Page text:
A lot of organizations aspire to really “be something” in the eyes of our employees, members and clients. We want to be seen as innovative and important to the field, of course, but also invested in our teams. And because the incoming millennial workforce has put a well-documented emphasis on work/life balance and the need for employers to offer a more holistic approach to benefits (including telecommuting, flexible scheduling and unlimited vacation), we only benefit by embracing our aspirations.
I’m writing this blog post after experiencing first-hand what it means for an organization to “embrace its aspirations.” I’ve just finished a six-month sabbatical and am returning to my role as Senior Vice President of Consulting at McKinley Advisors completely refreshed, refocused and more grateful than ever to be a part of this team.
During my time off, I thought a lot about personal identity and professional contribution and how to strike a balance between both—not just for myself, but for McKinley. What I discovered was that, done correctly, offering sabbaticals and other opportunities for staff to recharge does more than just refresh a single team member or attract young talent—it also enables teams to rise to new occasions and boosts the retention of valued staff.
Offering extended time off can be a daunting proposition. If a key team member is out for one, two or even six months at a time, it’s easy to imagine that the absence could translate into decreased output, missed opportunities and a sense that the organization is putting its key strategies and even mission on hold. But done correctly, sabbaticals offer a chance for other team members to develop new skills by filling different roles, effectively strengthening the entire operation.
Consider what it would mean for one of your high-performing team members to be gone until May. Think about the skill sets your organization would lack, the slack that would have to be picked up both day-to-day and in the long-term. While it may seem anxiety-inducing at first glance, the absence also creates an opportunity to bring other talent into situations they wouldn’t otherwise be exposed to. They’d have to think further, try new things and, as a result, they (and your team) would become stronger.
An organization that is willing and able to take a flexible approach to employee retention also benefits from the goodwill it builds in staff. Sabbatical is a real, meaningful reward for hard work, and offering it can reshape the work-for-reward structure of your organization, putting a premium on employee excellence as a means to earn extended time off. For me, it tested the McKinley values I’ve believed in since my first day on the job over ten years ago; it proved that we’re a company of words and action.
What was the benefit to McKinley? When I first left on sabbatical, I found myself on a flight to New Zealand, sitting next to another consultant. Though desperately in need of a recharge and some time in the mountains (and not at a desk), I couldn’t help but “talk shop” with my seatmate. That incident convinced me that I hadn’t lost my passion for the association community and McKinley. What I needed wasn’t a different career path; I needed to reconnect with myself as a person.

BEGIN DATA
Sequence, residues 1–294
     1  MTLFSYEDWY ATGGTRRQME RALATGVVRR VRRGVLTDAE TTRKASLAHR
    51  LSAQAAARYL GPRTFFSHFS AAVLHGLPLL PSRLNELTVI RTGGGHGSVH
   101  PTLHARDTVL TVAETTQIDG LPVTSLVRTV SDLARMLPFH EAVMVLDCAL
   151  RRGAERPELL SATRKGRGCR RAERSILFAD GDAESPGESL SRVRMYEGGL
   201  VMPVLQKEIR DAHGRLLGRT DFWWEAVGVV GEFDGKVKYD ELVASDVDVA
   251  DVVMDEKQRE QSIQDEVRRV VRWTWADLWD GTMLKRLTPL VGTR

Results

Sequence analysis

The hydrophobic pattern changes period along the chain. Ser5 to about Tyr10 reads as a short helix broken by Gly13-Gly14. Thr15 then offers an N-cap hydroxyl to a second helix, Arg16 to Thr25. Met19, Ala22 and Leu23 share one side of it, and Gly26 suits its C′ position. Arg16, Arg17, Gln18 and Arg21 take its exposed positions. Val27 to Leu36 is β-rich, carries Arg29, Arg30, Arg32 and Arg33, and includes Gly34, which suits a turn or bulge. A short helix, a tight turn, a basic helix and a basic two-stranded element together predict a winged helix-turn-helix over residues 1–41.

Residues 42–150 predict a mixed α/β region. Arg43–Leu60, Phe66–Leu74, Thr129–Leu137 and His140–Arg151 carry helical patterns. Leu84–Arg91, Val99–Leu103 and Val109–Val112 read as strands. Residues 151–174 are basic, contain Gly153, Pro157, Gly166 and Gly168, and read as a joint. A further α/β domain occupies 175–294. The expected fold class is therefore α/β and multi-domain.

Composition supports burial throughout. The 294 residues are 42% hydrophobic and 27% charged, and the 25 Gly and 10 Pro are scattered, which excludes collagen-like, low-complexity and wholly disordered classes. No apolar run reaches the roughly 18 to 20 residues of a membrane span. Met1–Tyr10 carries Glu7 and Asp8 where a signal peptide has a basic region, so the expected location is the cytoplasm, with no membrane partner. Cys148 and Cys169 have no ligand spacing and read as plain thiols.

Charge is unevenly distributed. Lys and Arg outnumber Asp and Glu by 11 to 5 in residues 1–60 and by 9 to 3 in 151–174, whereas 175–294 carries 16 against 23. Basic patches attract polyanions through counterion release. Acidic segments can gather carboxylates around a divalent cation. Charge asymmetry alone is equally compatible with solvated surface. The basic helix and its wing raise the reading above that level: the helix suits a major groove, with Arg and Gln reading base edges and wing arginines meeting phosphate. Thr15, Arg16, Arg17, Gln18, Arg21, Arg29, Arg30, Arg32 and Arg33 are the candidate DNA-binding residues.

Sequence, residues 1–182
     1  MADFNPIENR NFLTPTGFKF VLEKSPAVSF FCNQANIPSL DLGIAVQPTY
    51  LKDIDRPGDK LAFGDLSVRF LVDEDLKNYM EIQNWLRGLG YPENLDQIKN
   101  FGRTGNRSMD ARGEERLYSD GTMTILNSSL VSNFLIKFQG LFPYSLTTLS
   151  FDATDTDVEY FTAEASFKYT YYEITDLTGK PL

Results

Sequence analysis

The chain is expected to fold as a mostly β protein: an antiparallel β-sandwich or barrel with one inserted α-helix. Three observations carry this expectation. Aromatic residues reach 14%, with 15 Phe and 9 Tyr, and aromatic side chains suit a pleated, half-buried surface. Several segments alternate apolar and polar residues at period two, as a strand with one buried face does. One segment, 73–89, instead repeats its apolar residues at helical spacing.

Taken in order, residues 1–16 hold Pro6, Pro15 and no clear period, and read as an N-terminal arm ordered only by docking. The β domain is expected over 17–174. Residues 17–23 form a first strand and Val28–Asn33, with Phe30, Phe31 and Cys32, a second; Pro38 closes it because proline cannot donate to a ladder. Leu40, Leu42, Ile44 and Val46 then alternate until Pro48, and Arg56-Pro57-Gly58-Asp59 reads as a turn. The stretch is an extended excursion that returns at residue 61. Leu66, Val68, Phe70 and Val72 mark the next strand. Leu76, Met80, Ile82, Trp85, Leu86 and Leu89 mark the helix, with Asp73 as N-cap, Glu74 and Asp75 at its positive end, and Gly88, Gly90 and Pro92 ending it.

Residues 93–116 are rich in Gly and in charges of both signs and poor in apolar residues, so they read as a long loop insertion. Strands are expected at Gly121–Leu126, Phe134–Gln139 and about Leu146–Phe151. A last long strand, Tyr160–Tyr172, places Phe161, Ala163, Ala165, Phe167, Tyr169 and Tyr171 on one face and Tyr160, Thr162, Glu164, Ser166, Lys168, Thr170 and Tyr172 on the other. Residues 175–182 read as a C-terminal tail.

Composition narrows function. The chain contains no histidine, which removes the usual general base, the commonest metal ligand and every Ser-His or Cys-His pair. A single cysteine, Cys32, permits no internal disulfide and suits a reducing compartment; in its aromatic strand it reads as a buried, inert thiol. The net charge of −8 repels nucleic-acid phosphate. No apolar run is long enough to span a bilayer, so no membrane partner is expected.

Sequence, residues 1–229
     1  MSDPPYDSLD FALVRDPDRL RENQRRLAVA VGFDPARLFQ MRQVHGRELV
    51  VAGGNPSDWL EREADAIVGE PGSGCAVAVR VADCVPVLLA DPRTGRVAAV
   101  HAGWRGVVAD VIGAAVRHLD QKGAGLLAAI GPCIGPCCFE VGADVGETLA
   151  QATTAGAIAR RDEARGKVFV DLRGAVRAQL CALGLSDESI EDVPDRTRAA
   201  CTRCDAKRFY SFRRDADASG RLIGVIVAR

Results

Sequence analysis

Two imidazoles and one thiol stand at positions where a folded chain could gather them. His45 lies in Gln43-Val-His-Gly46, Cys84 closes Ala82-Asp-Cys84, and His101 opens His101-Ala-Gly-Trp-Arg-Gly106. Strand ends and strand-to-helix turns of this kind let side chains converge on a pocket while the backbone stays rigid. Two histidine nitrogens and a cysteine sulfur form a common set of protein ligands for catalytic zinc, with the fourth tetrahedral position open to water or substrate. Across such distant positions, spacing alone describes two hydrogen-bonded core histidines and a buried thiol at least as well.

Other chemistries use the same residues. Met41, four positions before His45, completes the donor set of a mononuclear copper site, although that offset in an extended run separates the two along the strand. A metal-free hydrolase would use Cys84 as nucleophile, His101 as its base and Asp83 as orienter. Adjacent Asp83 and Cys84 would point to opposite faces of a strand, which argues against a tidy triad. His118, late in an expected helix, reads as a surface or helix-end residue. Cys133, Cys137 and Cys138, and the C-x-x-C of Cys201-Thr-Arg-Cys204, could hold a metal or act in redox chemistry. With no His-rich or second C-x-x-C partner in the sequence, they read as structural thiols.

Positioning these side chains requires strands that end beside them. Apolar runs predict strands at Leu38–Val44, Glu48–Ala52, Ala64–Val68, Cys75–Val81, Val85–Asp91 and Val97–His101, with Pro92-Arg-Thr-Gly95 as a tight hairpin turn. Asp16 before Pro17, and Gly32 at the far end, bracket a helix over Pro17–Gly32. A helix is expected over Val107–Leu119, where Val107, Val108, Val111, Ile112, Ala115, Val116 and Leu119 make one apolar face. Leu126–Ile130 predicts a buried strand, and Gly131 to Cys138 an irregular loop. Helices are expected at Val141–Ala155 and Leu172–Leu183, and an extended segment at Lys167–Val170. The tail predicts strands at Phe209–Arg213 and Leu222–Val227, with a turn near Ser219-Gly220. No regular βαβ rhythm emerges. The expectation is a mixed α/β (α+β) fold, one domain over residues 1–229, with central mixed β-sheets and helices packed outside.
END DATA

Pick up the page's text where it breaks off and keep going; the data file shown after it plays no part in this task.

How It Works
If extended time off is something you or your association is considering, it will be important to establish clear guidelines and qualifications. After all, you can’t simply offer this to anyone at any time. Instead, you’ll want to develop a method for recognizing exceptional staff commitment and performance in a deliberate, meaningful way.
Will it be three months or six? Paid or unpaid? What processes are in place to ensure that all of a person’s responsibilities are being accounted for? Asking questions like this ensures that you aren’t merely leaving the change to chance—and that both the organization and the employee are set up for success.
But please don’t make the mistake I made by getting caught up in the “not the right time” mentality. It was easy for me to build a long list of reasons to delay the sabbatical—to the point that the sabbatical became a need and not simply an aspiration. It’s never the right time, which also means it’s never the wrong time. If one of your key team members is asking, there’s a good chance she needs the break now.
In the course of six months on sabbatical, I recharged, I planned my future and I confirmed that McKinley is without a doubt the place I want to be. My colleagues generously made it possible for me to reconnect to my life outside the office. I logged hundreds of miles on the trail, slept in a tent surrounded by wombats and wallabies, met my friends’ new babies, watched meteor showers, cared for a friend with declining health and even bought a getaway cabin in Colorado.
But it’s not just me that’s changed. In my absence, dozens of team members have stepped up to the plate and grown. We’ve attracted some strong talent. We’ve solidified our reputation as an organization that cares about its employees. We’ve created opportunities for people to feel valued. Next week, the McKinley team will come together for our annual Thanksgiving potluck (an event that magically seems to happen even though I know there are a lot of staff working hard behind the scenes to make it happen). This year, I’ll look around that table at all of my colleagues who made this year of adventure possible, and I’ll give a special word of thanks.